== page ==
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Dairy trading experts offer strategies and practical perspectives to optimize market performance.

Consider These Dairy Marketing Strategies to Manage Risk

Oct 22, 2012

Given higher milk prices and potential volatile feed costs, think about putting some kind of floor under your cash flow.

ron mortensen photo 11 05   CopyBy Ron Mortensen, Dairy Gross Margin, LLC and Advantage Ag Strategies, Ltd.

The marketing challenge continues with continued volatility and high costs of production. All of the marketing strategies used last October or November yielded no net gains over the 10-month period. Yes, option strategies, futures strategies and LGM did not yield a net payment to producers. The whipsaw of the market in the 10-month period produced offsetting gains and losses for all of the strategies.

How do I manage risk now? Build a strategy to put some kind of floor under cash flow. Make sure all of your stakeholders have input. Include spouses, family members, partners and lenders.

Milk income over feed has improved slightly over the last few months. It is not enough, however, to make up losses from past months. Margins are strong because of the higher milk prices. Even with high corn and soybean meal prices, the strong milk prices have overshadowed feed costs.

Given the higher milk prices and potential volatile feed costs, look at some of the following strategies.
1. Buy LGM-Dairy as a baseline of protection or buy put options for milk.
2. If you use the low feed LGM-Dairy or milk put options, review your feed inventory and fill in the gaps by purchasing corn and/or soybean meal options.

History of LGM-Dairy for the October period

When in the past has LGM-Dairy paid? Between 2002 and 2011, policies purchased in October paid an indemnity four times using the zero deductible. The years are 2002, 2005, 2008 and 2009. The $1.00 deductible paid off in 2005 and 2008. 2012 policies (purchased last October) could receive some payments if they had a zero deductible.

The total indemnity paid for the four years using the zero deductible (average feed) was $6.64. Premiums would have been $5.39. With the $1.00 deductible, 2005 and 2008 paid an indemnity of $3.10 with premiums of $1.25. The $1.00 deductible was the winner with a payoff ratio of nearly 3 to 1 due to the 48% government premium subsidy.

Mortensen LGM Indemntiy final10 2012

 

Current LGM-Dairy Numbers

These margins are some of the best available since LGM-Dairy was initiated. Looking at the charts, there are only a few months that have better values. Look at the percentile rankings below from Oct. 2012 to May 2013. In most cases, these are the highest or the second highest rankings for five or 10 years.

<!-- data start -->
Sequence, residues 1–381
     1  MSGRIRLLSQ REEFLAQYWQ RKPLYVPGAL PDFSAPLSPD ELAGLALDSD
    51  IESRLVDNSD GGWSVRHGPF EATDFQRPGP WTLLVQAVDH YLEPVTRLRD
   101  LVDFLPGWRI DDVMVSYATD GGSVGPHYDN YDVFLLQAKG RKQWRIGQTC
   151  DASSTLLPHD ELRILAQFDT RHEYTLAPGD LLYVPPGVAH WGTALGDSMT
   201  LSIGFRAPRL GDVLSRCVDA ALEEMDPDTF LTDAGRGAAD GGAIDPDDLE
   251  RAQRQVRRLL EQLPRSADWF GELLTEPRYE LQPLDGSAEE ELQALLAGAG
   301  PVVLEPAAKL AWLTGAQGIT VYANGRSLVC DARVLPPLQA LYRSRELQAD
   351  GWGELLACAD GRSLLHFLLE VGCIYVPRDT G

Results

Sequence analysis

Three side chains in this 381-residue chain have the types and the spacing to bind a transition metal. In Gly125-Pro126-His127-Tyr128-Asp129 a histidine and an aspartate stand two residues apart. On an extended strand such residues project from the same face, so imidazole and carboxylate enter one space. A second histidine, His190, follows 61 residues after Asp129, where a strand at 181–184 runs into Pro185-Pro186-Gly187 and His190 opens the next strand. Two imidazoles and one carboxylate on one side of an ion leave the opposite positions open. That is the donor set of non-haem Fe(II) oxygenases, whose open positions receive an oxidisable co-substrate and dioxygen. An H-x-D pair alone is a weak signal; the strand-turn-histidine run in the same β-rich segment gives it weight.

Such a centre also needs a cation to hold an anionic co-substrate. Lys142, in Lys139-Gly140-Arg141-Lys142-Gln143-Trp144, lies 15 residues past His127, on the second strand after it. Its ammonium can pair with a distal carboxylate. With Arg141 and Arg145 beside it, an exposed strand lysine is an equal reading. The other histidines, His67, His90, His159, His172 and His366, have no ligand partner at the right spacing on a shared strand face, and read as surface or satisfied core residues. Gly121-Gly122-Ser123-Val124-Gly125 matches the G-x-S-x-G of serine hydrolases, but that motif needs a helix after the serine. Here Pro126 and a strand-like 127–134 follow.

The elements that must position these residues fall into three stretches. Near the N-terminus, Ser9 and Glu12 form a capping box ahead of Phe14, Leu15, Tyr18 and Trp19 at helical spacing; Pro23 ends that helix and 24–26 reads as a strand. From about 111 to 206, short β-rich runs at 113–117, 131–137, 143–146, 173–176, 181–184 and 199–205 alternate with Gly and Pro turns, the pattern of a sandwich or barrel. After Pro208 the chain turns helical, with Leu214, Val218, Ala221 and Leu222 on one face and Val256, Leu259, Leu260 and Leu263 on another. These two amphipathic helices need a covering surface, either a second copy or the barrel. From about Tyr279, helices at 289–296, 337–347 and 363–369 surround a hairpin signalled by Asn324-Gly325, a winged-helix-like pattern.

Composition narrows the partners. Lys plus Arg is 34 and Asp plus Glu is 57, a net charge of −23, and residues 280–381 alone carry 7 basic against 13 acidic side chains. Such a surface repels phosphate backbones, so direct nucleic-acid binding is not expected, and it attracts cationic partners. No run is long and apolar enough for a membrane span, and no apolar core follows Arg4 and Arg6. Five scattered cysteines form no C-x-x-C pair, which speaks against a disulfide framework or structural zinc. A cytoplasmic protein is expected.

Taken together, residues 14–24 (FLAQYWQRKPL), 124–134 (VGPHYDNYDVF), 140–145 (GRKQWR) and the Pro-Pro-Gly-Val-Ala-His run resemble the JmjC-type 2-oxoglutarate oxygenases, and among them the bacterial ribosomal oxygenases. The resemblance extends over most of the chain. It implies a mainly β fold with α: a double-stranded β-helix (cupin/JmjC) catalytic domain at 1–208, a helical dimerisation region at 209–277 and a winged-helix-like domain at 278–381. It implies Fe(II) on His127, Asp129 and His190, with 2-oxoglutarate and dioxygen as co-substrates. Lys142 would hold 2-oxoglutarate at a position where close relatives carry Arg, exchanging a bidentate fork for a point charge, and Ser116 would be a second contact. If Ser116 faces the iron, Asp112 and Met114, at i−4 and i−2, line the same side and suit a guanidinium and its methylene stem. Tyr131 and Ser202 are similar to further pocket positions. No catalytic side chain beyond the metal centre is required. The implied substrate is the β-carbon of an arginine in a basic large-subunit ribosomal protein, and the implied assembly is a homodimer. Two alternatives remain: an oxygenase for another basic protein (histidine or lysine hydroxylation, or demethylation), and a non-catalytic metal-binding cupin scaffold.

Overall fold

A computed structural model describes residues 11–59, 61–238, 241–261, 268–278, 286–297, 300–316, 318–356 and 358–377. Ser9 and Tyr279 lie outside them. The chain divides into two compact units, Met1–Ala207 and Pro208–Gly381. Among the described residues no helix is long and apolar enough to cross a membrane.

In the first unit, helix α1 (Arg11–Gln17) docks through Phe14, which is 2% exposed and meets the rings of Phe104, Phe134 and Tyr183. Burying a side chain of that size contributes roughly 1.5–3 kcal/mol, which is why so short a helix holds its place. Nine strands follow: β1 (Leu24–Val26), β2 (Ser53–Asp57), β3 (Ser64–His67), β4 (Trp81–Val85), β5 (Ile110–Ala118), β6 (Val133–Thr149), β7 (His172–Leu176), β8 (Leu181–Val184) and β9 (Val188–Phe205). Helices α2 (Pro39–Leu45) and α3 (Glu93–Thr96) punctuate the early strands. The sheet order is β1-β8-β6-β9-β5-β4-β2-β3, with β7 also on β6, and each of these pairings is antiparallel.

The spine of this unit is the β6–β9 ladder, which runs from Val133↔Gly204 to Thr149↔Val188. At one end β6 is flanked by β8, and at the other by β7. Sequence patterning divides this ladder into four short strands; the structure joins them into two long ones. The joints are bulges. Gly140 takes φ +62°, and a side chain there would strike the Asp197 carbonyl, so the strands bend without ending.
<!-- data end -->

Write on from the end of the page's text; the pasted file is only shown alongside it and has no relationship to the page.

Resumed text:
Mortensen oct162012percentedairy
 

The red line (below) is the average of the last 10 years. The green line is the top one third of the same range. Note that the pink line to the far right is the anticipated margins for the October sales period as of Oct. 16, 2012.

Mortensen oct162012lowcornedairy

LGM–Dairy can be part of the plan. This product is lower cost than purchasing options. Purchasing a zero deductible LGM (vs. options) could save $.74/cwt. Why is it cheaper? Part of the savings is due to the government subsidy and part is the fact the indemnity payout is based on a weighted average of all months covered. Another big plus – the premium payment is not due until October 1, 2013.

Additional feed comments

The corn and soybean markets are transitioning from supply to demand-driven issues. Many think a short crop has a long tail and believe corn and meal would simply trend lower until August 2013. This scenario is not so simple. Especially for soybeans/soybean meal, U.S. supplies could be record tight by March 1. Then, the world will need to rely on South American supplies. These supplies will be slow to move to the world market because of slow trucking/shipping logistics in Brazil. By the time next spring/summer arrives, it is possible the U.S. may need to import soybeans to finish the late summer and fall crush. This sort of razor-thin timing equates to volatile prices. For corn, the same scenario applies. It already looks like Southeast U.S. hog and chicken producers are importing Brazilian corn to meet their needs.

Ron Mortensen is principal of Dairy Gross Margin, LLC, an agency that specializes in LGM-Dairy products, and owner of Advantage Strategies, Ltd., a commodity trading advisor. Contact him at ron@dairygrossmargin.com, or visit www.dairygrossmaragin.com.
 

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